Okolona Self-Storage was located fifty yards back from Fern Valley Road, a dusty stretch of highway home to tire dealers, liquor stores and the occasional fast food franchise. Jerome keyed the padlock and heaved the sliding door above his head.
The space was an utter mess: Boxes were stacked five feet tall. Some had settled and now rained files down like cooled lava from a volcano. There were also lamps, five filing cabinets, and a moldering sofa poking up through the flotsam. Having no idea of where he stored what, Jerome simply waded in and began flipping through the first documents he encountered. Once finished with a particular box or carton, he carried it outside and set it down on the asphalt. Then he returned inside to begin again. There was a three foot space cleared when Susan pulled up in her Lexus. Nine boxes stood stacked outside.
“Jerome, you fuck, I need those receipts now.” She snorted and kicked at a box.
“Hey, dive in. I’m due for a breather.” He waded out of the mess.
“Don’t lean against my car!”
He edged away down the drive.
“Your paperwork’s in there and, as John Wayne would say, ‘you’re burning daylight.’”
So, she began digging, grumbling all the while.
He walked to a nearby Burger King and bought a coffee. On the way back he tried to pinpoint the exact time life skittered out of his grasp like a handful of marbles down a stairwell. He never saw the funnel cloud, the ‘check engine’ light never illuminated, and the ice always appeared thick enough to hold his weight. Now, here he was.
Sifting through confetti. They worked alongside one another like resentful oxen, silent and sullen. As shadows began to darken the space, Jerome found the tax file. At that same moment he realized he was late for his date with Margaret.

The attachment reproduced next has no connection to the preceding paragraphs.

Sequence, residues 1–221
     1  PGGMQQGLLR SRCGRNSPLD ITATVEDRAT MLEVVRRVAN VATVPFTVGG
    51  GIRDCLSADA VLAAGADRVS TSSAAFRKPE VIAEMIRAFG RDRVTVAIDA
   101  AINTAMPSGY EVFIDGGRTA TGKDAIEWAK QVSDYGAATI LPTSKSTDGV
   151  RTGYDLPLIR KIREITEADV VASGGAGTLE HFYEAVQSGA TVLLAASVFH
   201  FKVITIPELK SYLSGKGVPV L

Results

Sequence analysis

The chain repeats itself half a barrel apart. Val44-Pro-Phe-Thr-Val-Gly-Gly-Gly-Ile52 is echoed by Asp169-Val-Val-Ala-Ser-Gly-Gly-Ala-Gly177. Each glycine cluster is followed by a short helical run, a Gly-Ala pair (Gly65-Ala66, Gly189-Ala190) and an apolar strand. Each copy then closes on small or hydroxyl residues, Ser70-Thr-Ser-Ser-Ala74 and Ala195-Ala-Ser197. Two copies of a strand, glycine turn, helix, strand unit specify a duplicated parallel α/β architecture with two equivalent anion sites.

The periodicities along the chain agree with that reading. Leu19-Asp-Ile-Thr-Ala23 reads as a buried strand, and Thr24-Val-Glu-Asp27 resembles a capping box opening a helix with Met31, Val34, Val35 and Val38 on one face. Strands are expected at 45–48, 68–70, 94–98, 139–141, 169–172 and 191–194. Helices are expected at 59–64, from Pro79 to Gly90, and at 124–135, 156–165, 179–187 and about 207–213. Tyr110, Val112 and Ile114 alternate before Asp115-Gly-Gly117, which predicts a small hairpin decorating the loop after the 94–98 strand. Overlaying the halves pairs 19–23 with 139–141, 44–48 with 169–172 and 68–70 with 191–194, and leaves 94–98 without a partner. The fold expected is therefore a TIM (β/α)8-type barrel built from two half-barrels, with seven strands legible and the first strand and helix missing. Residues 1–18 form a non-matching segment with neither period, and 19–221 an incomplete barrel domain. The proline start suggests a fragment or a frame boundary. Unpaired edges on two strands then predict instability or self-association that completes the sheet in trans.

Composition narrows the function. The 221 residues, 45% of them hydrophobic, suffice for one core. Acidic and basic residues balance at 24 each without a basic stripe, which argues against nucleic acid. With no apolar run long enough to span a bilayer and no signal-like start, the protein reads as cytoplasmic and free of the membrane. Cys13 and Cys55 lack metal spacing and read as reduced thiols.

“Here.” He shoved the manila marked Su-Sun Tanning Salon/Jerome” into her chest, turned her around, and propelled her out into the remaining daylight. Confused, she sputtered at him while he heaved boxes back inside. As he pulled the door back down, she ground the Lexus into gear and fled the wreckage of their marriage. Back in his car, Jerome checked the time.
Monday morning he drove to the Denny’s while rehearsing the apology he owed Margaret. If she were not married, he would have brought flowers. The moment he entered the restaurant he knew he was in dire straits.
“Dr. Ogburn. Booth for two, or are we doing group therapy today?” Margaret’s voice held a flat inflection that indicated he no longer existed. She led him to the back.
“Listen, I’m very sorry about Friday. My ex-wife called and…”
“There you go.” She put the menus down. “Your waitress will be with you in just a moment.” Then, with a gliding, mechanical movement she gone. And she did not look back.
Jerome sank into the booth. Margaret would no doubt now make him move his practice. He thought about the Shoney’s down the Parkway and the image of the all-you-can-eat buffet revolted him. He had to maintain some standards. Could things get worse? He buried his face in his hands and tried to gather his thoughts.
“Good morning! Can I take your order?”
Looking up, he saw Terri, the client he had dismissed. Wearing the Denny’s uniform and clutching the order pad like some kind of demonic court stenographer. Her eyes were alight, like Christmas.
[Refer: This story put the editors in mind of the story “All You Can Eat” by Robin Hemley.]
Image by Daniel Oines
Robert L. Penick’s work has appeared in journals such as The Hudson Review, North American Review, and The Antietam Review. He lives in Louisville, KY with my free-range box turtle, Sheldon.